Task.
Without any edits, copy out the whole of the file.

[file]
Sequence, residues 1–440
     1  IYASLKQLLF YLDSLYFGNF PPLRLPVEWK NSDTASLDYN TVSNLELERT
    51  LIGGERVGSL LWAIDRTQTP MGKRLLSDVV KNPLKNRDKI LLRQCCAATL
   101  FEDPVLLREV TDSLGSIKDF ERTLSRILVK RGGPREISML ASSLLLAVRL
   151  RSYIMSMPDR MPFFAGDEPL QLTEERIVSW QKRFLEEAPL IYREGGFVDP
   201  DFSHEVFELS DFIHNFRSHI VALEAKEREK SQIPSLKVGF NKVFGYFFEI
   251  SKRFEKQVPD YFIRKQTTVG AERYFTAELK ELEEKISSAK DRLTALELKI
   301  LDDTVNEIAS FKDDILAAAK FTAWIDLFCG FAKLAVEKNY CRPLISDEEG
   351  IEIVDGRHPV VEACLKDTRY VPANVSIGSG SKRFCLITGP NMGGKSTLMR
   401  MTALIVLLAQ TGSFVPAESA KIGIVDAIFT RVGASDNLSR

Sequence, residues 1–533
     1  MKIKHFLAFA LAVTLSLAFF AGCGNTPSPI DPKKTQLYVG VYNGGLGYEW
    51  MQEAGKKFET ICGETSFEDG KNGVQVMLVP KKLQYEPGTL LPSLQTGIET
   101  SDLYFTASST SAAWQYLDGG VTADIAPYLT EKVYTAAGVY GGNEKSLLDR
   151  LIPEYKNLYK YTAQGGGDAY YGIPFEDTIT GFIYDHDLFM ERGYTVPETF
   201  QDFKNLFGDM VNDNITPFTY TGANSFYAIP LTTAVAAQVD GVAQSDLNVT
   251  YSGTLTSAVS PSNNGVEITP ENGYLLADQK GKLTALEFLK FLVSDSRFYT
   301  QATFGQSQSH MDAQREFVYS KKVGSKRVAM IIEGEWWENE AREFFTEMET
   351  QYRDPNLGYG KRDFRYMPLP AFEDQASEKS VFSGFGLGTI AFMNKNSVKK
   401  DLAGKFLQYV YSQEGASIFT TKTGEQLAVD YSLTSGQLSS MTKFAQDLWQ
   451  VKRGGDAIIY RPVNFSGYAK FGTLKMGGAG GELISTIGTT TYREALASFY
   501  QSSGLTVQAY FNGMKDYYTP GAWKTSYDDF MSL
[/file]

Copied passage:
Sequence, residues 1–440
     1  IYASLKQLLF YLDSLYFGNF PPLRLPVEWK NSDTASLDYN TVSNLELERT
    51  LIGGERVGSL LWAIDRTQTP MGKRLLSDVV KNPLKNRDKI LLRQCCAATL
   101  FEDPVLLREV TDSLGSIKDF ERTLSRILVK RGGPREISML ASSLLLAVRL
   151  RSYIMSMPDR MPFFAGDEPL QLTEERIVSW QKRFLEEAPL IYREGGFVDP
   201  DFSHEVFELS DFIHNFRSHI VALEAKEREK SQIPSLKVGF NKVFGYFFEI
   251  SKRFEKQVPD YFIRKQTTVG AERYFTAELK ELEEKISSAK DRLTALELKI
   301  LDDTVNEIAS FKDDILAAAK FTAWIDLFCG FAKLAVEKNY CRPLISDEEG
   351  IEIVDGRHPV VEACLKDTRY VPANVSIGSG SKRFCLITGP NMGGKSTLMR
   401  MTALIVLLAQ TGSFVPAESA KIGIVDAIFT RVGASDNLSR

Sequence, residues 1–533
     1  MKIKHFLAFA LAVTLSLAFF AGCGNTPSPI DPKKTQLYVG VYNGGLGYEW
    51  MQEAGKKFET ICGETSFEDG KNGVQVMLVP KKLQYEPGTL LPSLQTGIET
   101  SDLYFTASST SAAWQYLDGG VTADIAPYLT EKVYTAAGVY GGNEKSLLDR
   151  LIPEYKNLYK YTAQGGGDAY YGIPFEDTIT GFIYDHDLFM ERGYTVPETF
   201  QDFKNLFGDM VNDNITPFTY TGANSFYAIP LTTAVAAQVD GVAQSDLNVT
   251  YSGTLTSAVS PSNNGVEITP ENGYLLADQK GKLTALEFLK FLVSDSRFYT
   301  QATFGQSQSH MDAQREFVYS KKVGSKRVAM IIEGEWWENE AREFFTEMET
   351  QYRDPNLGYG KRDFRYMPLP AFEDQASEKS VFSGFGLGTI AFMNKNSVKK
   401  DLAGKFLQYV YSQEGASIFT TKTGEQLAVD YSLTSGQLSS MTKFAQDLWQ
   451  VKRGGDAIIY RPVNFSGYAK FGTLKMGGAG GELISTIGTT TYREALASFY
   501  QSSGLTVQAY FNGMKDYYTP GAWKTSYDDF MSL